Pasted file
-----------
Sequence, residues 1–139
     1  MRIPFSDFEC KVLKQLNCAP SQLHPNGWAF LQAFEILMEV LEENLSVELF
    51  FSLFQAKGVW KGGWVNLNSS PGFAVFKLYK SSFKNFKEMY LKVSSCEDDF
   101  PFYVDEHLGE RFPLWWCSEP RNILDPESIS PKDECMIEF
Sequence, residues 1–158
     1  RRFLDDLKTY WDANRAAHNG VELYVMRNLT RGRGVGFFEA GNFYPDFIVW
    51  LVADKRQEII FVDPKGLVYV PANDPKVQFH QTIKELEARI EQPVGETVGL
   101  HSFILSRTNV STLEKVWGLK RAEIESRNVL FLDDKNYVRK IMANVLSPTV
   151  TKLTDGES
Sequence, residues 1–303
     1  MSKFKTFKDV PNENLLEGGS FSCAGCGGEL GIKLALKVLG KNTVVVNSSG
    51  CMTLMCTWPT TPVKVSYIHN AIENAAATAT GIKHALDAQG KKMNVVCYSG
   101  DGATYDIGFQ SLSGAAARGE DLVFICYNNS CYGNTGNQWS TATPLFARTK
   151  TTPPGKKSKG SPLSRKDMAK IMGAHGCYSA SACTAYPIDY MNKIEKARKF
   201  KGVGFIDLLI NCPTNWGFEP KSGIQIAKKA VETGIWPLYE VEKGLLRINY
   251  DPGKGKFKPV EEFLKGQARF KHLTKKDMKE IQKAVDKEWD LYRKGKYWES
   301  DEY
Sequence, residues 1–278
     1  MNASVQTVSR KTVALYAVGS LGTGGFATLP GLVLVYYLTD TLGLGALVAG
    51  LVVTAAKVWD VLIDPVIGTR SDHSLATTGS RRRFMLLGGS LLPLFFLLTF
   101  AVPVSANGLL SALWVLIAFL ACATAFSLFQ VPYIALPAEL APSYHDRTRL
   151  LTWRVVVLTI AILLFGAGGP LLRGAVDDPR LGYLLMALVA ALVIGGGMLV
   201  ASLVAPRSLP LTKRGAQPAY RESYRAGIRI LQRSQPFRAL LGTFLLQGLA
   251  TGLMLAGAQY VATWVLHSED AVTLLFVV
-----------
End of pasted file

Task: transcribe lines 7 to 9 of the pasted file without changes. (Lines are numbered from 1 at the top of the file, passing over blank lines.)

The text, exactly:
    51  LVADKRQEII FVDPKGLVYV PANDPKVQFH QTIKELEARI EQPVGETVGL
   101  HSFILSRTNV STLEKVWGLK RAEIESRNVL FLDDKNYVRK IMANVLSPTV
   151  TKLTDGES